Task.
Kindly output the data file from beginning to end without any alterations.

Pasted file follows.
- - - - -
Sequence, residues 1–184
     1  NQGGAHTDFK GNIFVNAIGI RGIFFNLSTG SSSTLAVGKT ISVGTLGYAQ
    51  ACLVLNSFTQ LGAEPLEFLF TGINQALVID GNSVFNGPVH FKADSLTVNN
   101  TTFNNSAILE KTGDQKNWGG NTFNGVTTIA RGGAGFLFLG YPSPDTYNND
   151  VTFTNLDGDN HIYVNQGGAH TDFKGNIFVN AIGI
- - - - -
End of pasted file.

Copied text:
Sequence, residues 1–184
     1  NQGGAHTDFK GNIFVNAIGI RGIFFNLSTG SSSTLAVGKT ISVGTLGYAQ
    51  ACLVLNSFTQ LGAEPLEFLF TGINQALVID GNSVFNGPVH FKADSLTVNN
   101  TTFNNSAILE KTGDQKNWGG NTFNGVTTIA RGGAGFLFLG YPSPDTYNND
   151  VTFTNLDGDN HIYVNQGGAH TDFKGNIFVN AIGI